Terrence McNally, the boundary-breaking playwright, has died due to complications related to the coronavirus. McNally was 81, and was a lung-cancer survivor with chronic obstructive pulmonary disease. Born in St. Petersburg, Florida, in 1938, McNally built a wide-ranging career in theater, working on everything from intimate dramas, like Frankie and Johnny and the Clair de Lune, to epic musicals, like Ragtime, to landmark portrayals of gay men, as in Love! Valour! Compassion, to opera, and more.
McNally graduated from Columbia University in 1960. His first Broadway show came in 1964 — And Things That Go Bump in the Night — and had a solid hit in 1975 with The Ritz, a farce about a straight mobster who hides out in a gay bathhouse. McNally’s breakout success came later, however, with Frankie and Johnny, a two-hander relationship drama set over the course of a single night between a short-order cook and a waitress. It premiered Off Broadway in 1987 starring F. Murray Abraham and Kathy Bates, and was adapted to film in 1991 with Al Pacino and Michelle Pfeiffer; last year, it was revived on Broadway with Michael Shannon and Audra McDonald to mark McNally’s 80th birthday.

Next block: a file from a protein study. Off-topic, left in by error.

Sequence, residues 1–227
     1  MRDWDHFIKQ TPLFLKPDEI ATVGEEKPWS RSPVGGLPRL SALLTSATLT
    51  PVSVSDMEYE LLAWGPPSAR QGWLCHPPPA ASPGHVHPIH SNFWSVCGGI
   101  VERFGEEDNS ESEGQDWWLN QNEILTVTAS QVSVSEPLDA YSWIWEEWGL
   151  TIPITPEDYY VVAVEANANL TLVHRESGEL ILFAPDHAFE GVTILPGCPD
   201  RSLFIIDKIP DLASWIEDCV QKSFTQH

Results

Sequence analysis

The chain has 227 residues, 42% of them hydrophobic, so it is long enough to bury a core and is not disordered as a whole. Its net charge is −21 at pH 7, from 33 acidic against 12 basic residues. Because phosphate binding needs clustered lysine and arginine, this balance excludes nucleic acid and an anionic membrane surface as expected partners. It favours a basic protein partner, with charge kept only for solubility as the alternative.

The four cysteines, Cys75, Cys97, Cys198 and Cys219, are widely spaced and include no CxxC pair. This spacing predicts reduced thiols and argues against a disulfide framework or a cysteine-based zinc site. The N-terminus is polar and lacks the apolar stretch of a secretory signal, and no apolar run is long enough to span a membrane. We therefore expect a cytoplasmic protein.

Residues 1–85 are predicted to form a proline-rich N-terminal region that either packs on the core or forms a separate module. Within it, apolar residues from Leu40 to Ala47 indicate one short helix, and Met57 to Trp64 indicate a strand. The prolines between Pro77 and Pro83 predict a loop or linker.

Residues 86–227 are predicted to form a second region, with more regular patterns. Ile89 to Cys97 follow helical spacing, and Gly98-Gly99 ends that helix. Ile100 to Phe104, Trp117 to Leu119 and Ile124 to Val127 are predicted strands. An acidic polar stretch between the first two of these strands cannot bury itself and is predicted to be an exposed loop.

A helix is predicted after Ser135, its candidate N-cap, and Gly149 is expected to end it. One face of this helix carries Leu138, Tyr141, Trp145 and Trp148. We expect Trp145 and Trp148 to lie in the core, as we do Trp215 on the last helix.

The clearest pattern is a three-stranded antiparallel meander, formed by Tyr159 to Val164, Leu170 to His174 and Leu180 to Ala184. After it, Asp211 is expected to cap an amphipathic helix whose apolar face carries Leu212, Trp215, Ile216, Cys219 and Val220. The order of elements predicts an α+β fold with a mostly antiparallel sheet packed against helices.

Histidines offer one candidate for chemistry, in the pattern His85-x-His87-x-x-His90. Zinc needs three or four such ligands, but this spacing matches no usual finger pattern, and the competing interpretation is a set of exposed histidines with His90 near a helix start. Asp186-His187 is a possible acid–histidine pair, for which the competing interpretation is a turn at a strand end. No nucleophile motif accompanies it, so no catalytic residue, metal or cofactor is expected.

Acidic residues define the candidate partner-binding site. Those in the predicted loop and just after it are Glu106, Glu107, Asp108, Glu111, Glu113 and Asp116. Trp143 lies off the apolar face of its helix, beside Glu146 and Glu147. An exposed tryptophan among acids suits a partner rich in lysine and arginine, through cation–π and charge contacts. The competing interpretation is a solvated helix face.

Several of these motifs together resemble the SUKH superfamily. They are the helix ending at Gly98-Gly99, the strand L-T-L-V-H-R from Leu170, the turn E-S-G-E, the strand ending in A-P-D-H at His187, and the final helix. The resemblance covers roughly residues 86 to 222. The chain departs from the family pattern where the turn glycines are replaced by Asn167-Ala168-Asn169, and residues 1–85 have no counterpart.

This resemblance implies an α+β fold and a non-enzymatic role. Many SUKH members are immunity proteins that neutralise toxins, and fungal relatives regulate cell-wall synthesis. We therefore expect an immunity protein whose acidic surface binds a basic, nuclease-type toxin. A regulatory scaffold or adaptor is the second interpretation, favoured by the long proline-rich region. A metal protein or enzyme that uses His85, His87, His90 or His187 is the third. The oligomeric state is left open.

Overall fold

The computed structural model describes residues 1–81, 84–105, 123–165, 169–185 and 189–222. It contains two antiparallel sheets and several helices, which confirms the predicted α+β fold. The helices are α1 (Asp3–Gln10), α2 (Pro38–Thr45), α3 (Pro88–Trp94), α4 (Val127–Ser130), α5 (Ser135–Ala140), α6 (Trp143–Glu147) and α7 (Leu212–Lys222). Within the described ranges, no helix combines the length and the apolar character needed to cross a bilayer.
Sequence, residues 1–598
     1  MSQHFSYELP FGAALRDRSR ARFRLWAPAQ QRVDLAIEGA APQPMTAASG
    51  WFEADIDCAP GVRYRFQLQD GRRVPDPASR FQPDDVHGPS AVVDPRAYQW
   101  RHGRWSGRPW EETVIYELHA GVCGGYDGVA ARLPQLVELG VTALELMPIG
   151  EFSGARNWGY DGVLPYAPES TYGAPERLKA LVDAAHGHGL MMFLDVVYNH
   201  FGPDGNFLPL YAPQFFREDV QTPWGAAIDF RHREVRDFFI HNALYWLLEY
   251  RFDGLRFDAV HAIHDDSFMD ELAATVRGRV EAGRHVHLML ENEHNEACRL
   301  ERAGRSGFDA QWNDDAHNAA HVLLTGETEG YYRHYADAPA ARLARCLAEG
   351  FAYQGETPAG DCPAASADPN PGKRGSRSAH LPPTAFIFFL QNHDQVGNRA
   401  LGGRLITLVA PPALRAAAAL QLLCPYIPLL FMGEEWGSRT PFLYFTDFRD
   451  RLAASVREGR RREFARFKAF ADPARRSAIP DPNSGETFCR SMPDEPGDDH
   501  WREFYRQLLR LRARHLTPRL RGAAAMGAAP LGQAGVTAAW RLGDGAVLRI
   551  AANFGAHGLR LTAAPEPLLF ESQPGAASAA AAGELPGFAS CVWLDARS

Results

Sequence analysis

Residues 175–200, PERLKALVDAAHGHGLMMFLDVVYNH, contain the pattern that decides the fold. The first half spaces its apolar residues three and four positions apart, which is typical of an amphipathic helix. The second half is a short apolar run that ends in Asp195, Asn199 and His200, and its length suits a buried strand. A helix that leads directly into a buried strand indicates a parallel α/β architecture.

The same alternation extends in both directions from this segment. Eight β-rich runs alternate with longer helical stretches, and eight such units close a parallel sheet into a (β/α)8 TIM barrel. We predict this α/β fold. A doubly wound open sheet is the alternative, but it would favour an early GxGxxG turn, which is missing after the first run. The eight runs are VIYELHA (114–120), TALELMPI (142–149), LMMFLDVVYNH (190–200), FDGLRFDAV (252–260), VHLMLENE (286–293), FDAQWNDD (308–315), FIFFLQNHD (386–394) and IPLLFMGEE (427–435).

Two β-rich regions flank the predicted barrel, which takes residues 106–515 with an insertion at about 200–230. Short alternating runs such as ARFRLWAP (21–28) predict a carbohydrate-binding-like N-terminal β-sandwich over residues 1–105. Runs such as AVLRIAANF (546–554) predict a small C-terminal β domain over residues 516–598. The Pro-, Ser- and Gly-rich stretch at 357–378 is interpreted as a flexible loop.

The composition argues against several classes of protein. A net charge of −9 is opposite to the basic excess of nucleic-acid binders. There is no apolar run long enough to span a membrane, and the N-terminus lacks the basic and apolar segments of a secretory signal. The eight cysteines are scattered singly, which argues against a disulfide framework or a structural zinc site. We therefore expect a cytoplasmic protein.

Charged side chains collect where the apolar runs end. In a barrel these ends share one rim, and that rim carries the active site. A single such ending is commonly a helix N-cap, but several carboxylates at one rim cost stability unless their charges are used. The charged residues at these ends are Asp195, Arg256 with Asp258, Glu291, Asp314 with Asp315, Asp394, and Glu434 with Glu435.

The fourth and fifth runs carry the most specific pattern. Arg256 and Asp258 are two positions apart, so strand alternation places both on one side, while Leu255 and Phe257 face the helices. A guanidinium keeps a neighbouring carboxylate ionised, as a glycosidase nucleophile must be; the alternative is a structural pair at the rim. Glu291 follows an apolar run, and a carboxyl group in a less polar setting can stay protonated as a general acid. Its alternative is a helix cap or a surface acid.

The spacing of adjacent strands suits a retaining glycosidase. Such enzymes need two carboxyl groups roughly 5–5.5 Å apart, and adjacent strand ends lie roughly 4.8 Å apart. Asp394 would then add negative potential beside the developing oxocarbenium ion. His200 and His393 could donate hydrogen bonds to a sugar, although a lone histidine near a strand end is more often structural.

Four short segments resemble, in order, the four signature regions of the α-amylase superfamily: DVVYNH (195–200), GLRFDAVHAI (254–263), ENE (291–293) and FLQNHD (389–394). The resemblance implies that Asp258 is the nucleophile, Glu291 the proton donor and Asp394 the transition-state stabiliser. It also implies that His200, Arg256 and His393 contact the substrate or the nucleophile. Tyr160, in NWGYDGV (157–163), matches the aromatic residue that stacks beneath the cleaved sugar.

McNally’s work on musicals included collaborations with John Kander and Fred Ebb on The Rink, on Broadway in 1984, and Kiss of the Spider Woman, in 1993. McNally won his first Tony Award for the book of the latter musical, based on Manuel Puig’s novel about two prisoners in a Latin American country, one of whom is gay and shares his show-business fantasies with the other. McNally won two more Tonys, each for Best Play, in 1995 and 1996 for writing Love! Valour! Compassion!, a drama set among eight gay men on a summer vacation, and for Master Class, centered on a fictionalized version of Maria Callas. In 1997, he won another for the book of Ragtime, with music by Stephen Flaherty and Lynn Ahrens, which brought the sweeping E.L. Doctorow novel about early 20th-century America to the stage with a mosaic of plots and characters.
McNally continued to experiment with genre and tone, notably in 1997’s Corpus Christi, which drew controversy for depicting contemporary gay men reenacting the lives of Jesus and his disciples and had its original run canceled; The Full Monty, a 2000 musical about a group of steelworkers who decided to strip; and Dead Man Walking, the first of three collaborations with Jake Heggie. McNally continued to work until quite recently, reuniting with Kander and Ebb on 2011’s musical The Visit and with Ahrens and Flaherty on the book for the stage version of Anastasia. He won another Tony Award for lifetime achievement in 2019. McNally held a civil-union ceremony with his husband, producer and lawyer Tom Kirdahy, in Vermont in 2003, and they formally married in Washington, D.C., in 2010.